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Thursday, February 9, 2012

PowerShell: Event Viewer saver

Two weeks ago I was helping out at my old company (it is part of my old contract with them). When one of my friends there told me they just can’t look at the Event Viewer anymore. Why? Well it seems another friend got a little overboard in logging stuff and the Event Viewer turned from logging Errors and important events to “real time logging” (their words). So being the helpful guy that I am I told them about PowerShell. I even pointed them to some blogs in the web.

Today I decided to follow my own advice and check out PowerShell (and maybe write something they could use). So I went through some basic tutorials (1, 2, 3 reading briefly, 4, 5, 6 (can be skipped), 7, 8, 9, there are more tutorials but they are not needed for this simple task). When following tutorials I sometimes like to use my own example, that way I can be sure I am understanding things like a human and not like a monkey (“Monkey see, monkey do”).

On the second tutorial I already knew I had to use ‘get-eventlog’ or the newer ‘get-winevent’ command (by using ‘get-command -Verb Get’ and looking at the options). By looking at the help for these commands (by using ‘get-help get-eventlog’) I found out that get-winevent needs newer operating systems (minimum Windows Vista) which are not available to my friends…


So what do I want my script to do?

1. Display only the errors from Event Viewer’s Application log (and filter by the application name).

  • Looking at the examples was enough for this:
  1. get-eventlog -logname System -EntryType Error
  • Wanting something more advanced (I learned that you shouldn’t use TimeWritten in the where since it is a string object, see sorting below):
  1. Get-Eventlog Application -After ([datetime]::Parse("2012-02-08 17:00")) | where {($_.entryType -eq "Error")}
  • This way you can “add” warnings not just errors:
  1. Get-Eventlog Application -After ([datetime]::Parse("2012-02-08 17:00")) | where {(($_.entryType -eq "Error") -or ($_.entryType -eq "Warning"))}
  • Adding sorting to view the errors from old to new, added difficulty because TimeWritten is a string with a problematic format (M/d/yyyy h:m:s AM/PM) that doesn’t work with string comparison:
  1. Get-Eventlog Application -After ([datetime]::Parse("2012-02-08 17:00")) | where {($_.entryType -eq "Error")} | select EntryType,InstanceId,Message,Category,Source, @{Name="TimeWritten";Expression={  ([datetime]::Parse($_.TimeWritten)).ToString("yyyy-MM-dd HH:mm:ss") }}  | sort -Property TimeWritten
  • Wanting to actually see the message (since PowerShell by default limits the column size):
  1. Get-Eventlog Application -After ([datetime]::Parse("2012-02-08 17:00")) | where {($_.entryType -eq "Error")} | select EntryType,InstanceId,Message,Category,Source, @{Name="TimeWritten";Expression={  ([datetime]::Parse($_.TimeWritten)).ToString("yyyy-MM-dd HH:mm:ss") }} | Format-list -Property EntryType, Source, Message, TimeWritten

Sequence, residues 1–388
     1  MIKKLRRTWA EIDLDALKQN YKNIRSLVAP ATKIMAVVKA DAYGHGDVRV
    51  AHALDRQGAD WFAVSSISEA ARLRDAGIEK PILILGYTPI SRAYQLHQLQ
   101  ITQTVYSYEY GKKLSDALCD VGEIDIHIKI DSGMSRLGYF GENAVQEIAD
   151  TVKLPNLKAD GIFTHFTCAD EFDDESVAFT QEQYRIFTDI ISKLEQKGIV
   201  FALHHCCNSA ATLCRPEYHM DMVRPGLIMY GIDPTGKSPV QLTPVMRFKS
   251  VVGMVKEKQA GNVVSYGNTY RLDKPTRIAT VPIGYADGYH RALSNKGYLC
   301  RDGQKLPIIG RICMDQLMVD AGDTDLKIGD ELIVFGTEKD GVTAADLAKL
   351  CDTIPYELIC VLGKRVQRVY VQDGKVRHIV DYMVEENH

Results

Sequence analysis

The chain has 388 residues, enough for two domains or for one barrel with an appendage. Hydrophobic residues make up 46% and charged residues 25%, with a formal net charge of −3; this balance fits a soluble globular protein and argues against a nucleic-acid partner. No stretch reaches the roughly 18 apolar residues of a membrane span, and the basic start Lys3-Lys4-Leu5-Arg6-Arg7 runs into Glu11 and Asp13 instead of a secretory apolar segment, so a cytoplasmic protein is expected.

2. Export the errors from 1 to a csv file (so that the errors will become less real time and more all time).

As seen in the bottom of tutorial 5:

  1. Get-Eventlog Application -After ([datetime]::Parse("2012-02-08 17:00")) | where {($_.entryType -eq "Error")} | select EntryType,InstanceId,Message,Category,Source, @{Name="TimeWritten";Expression={  ([datetime]::Parse($_.TimeWritten)).ToString("yyyy-MM-dd HH:mm:ss") }} | Export-CSV "EventErrors.csv"

3. Do an infinite loop that does 2 on new errors, so that errors in the night shift will be stored.

That was a bit more complex simply because I wanted to append rows to the CSV.

  1. $currentTime = get-date
  2. $currentDate = get-date -format "yyyy_MM_dd"
  3. if(test-path "EventErrors_$currentDate.csv")
  4. {
  5.     $record = Import-CSV "EventErrors_$currentDate.csv" | sort -Property TimeWritten | Select-Object -Last 1 | select TimeWritten
  6.     $currentTime = [datetime]::Parse($record.TimeWritten)
  7. }
  9. while($true)
  10. {
  11.     $currentDate = get-date -format "yyyy_MM_dd"
  12.     $data = Get-Eventlog Application -After $currentTime | where {($_.entryType -eq "Error")} | select EntryType,InstanceId,Message,Category,Source, @{Name="TimeWritten";Expression={  ([datetime]::Parse($_.TimeWritten)).ToString("yyyy-MM-dd HH:mm:ss") }}
  13.     $currentTime = get-date
  15.     if($data -ne $NULL)
  16.     {
  17.         if(test-path "EventErrors_$currentDate.csv")
  18.         {
  19.             "File EventErrors_$currentDate.csv exists, importing data."
  20.             $data = (Import-CSV "EventErrors_$currentDate.csv") + $data | sort -Property TimeWritten
  21.         }
  22.         $data | Export-CSV "EventErrors_$currentDate.csv"
  23.     }
  25.     Start-Sleep -s 20
  26.     "Ping $currentTime"
  27. }


  • The script won’t work if the file is opened in Excel (but the csv can be copied or opened with notepad).
  • You can adjust the sleep time, I choose 20 seconds.
  • Since it’s an infinite loop it can only be exited by Ctrl+C

Output in Excel:


By the way an advanced script to this could be outputting the errors to the DB… But that can be considered a version in some companies.



PowerShell Tutorial 1: Configuring the PowerShell Console

PowerShell Tutorial 2: PowerShell Commands – Cmdlet

PowerShell Tutorial 3: PowerShell Aliases

PowerShell Tutorial 4: Using Cmdlet Options

PowerShell Tutorial 5: Windows PowerShell Providers

PowerShell Tutorial 7: Accumulate, Recall, and Modify Data

PowerShell Tutorial 8: Conditional Logic (if, elseif, else, and switch)

PowerShell Tutorial 9: Getting Loopy